Whitsundays in Queensland
TOURISM Australia has identified fishing as a new hook to reel tourists into the country, running the latest initiative in tandem with its ongoing aquatic and coastal tourism campaign.
Speaking at a media conference, Tourism Australia’s managing director John O’Sullivan said 315,000 international tourists, representing five per cent of all international arrivals, visited the country last year for fishing activities.
“This fits very nicely with our focus on creating experiences. It is very diverse and it is not just about beach fishing, but about visiting inland waterways and fly fishing,” he said.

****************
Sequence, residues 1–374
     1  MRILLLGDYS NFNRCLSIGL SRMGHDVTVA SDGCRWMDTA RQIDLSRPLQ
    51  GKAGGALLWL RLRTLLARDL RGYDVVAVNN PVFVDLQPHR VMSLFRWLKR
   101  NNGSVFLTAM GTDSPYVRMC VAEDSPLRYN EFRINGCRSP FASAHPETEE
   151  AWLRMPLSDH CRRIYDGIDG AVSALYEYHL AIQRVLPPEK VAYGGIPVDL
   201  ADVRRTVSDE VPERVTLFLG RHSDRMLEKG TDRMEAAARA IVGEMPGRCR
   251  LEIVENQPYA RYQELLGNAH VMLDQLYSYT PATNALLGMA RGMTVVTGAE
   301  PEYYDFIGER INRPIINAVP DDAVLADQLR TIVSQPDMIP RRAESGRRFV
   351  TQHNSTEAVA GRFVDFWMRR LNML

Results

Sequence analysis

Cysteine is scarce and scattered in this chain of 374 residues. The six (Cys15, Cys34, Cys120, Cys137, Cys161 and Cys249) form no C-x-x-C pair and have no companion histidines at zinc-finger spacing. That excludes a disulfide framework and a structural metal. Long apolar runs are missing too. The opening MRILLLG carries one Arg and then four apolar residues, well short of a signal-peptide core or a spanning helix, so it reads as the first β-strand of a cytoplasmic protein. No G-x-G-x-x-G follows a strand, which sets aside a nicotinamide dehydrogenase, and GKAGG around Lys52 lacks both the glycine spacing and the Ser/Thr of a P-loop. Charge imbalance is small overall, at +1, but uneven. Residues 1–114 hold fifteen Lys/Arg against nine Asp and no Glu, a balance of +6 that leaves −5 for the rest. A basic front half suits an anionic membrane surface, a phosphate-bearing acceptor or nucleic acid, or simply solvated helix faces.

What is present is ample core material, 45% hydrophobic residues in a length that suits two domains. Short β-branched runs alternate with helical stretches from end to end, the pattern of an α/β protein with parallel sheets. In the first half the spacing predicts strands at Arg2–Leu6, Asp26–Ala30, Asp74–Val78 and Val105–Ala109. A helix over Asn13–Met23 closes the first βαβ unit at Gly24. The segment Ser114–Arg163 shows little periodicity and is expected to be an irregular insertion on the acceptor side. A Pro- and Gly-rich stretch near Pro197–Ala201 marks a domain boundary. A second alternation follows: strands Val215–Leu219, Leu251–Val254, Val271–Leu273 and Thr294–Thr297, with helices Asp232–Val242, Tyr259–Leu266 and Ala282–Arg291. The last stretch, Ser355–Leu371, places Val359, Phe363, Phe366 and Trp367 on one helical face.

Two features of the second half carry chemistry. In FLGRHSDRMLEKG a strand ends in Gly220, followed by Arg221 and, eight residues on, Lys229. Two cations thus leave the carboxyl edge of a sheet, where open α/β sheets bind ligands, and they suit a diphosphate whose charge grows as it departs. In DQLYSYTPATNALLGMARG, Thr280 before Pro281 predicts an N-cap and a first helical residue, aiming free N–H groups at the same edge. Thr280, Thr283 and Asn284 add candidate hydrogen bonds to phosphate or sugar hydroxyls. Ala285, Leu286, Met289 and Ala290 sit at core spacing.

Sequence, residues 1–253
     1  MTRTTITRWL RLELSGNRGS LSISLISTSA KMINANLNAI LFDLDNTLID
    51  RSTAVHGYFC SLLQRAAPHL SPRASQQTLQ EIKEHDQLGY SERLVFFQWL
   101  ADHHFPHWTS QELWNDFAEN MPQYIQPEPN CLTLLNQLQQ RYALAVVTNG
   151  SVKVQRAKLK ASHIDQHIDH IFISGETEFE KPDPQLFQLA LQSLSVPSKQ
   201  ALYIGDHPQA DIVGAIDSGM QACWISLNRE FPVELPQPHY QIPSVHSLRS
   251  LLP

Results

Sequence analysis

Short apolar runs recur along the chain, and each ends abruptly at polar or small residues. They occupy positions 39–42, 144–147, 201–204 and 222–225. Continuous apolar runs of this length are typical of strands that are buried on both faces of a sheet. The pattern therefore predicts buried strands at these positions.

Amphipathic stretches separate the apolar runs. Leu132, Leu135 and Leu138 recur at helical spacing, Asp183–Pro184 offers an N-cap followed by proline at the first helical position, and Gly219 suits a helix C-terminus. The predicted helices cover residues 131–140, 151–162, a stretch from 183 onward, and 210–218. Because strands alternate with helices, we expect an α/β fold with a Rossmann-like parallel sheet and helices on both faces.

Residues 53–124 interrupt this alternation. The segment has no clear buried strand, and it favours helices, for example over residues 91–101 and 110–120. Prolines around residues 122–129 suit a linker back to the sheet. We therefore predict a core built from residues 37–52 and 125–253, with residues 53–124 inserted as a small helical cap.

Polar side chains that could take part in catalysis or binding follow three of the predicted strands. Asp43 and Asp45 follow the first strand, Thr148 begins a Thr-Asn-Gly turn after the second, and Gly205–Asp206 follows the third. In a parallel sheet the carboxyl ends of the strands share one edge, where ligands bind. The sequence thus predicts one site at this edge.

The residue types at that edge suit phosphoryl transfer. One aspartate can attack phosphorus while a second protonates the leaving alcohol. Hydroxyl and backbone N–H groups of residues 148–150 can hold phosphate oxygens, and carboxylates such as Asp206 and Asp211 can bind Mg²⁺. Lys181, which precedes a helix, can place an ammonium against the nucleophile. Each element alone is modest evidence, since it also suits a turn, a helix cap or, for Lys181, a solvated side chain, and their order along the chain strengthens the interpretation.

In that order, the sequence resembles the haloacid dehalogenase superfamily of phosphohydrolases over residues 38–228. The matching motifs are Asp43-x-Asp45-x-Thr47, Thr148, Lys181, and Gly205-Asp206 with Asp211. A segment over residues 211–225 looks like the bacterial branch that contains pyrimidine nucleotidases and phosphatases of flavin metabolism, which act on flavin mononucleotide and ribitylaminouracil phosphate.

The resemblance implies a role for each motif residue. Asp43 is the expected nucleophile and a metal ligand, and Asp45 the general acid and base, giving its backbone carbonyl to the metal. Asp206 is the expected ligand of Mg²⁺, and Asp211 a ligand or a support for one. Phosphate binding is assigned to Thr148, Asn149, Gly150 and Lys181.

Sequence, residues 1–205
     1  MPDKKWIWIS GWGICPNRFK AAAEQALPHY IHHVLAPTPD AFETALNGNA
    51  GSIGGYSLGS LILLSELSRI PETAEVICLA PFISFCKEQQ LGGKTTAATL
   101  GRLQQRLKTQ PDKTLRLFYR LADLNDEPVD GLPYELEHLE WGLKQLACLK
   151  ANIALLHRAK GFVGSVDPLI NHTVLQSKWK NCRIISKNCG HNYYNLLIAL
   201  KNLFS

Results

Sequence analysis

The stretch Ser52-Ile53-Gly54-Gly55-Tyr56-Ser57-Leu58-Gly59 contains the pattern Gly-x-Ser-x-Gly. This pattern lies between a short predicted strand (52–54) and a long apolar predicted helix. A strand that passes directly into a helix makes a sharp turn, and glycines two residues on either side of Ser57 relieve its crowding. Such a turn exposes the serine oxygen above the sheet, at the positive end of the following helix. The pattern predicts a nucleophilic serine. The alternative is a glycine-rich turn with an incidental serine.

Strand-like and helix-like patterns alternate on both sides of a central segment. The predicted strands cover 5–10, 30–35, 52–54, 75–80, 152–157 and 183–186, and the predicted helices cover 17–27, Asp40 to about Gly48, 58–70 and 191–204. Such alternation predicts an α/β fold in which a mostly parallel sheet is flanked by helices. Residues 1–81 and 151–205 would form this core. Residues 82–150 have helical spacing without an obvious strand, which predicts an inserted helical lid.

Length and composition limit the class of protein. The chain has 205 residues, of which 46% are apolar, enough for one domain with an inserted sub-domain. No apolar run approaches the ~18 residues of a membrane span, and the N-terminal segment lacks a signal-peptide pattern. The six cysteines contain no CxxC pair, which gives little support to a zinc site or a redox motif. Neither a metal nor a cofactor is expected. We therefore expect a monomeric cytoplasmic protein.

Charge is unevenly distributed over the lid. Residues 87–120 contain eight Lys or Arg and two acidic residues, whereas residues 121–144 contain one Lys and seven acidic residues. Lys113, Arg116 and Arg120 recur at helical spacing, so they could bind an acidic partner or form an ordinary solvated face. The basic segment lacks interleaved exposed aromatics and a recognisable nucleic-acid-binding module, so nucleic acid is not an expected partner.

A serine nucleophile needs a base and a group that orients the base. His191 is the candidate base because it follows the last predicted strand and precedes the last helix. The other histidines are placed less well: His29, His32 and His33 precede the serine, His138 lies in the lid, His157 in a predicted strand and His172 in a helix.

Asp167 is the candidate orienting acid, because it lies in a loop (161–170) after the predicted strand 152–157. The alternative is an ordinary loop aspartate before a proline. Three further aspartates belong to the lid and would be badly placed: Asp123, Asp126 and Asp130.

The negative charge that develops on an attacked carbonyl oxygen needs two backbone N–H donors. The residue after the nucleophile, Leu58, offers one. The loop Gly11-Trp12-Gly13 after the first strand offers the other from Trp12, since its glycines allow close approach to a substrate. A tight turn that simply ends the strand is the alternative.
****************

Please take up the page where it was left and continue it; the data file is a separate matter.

Karen Brooks, operator of Driftwater, which offers guided fly fishing in Northern Tasmania, said Australia has “impressive fisheries” that the world needs to know more of.
With foreign visitors making up 30 per cent of her business, Brooks sees potential in growing the international market, especially with interest coming from younger tourists.
“It used to be just the older ones in their 50s and 60s who have more free time andl want to fish, but we see even younger ones in their 20s wanting to try a new sport and experience,” she said. For many, she added, it is also about visiting a destination that they have never been to before.
Top fishing spots Tourism Australia has identified under this Great Fishing of Australia campaign include Whitsundays in Queensland, Huan River in Tasmania and Coral Bay in Western Australia.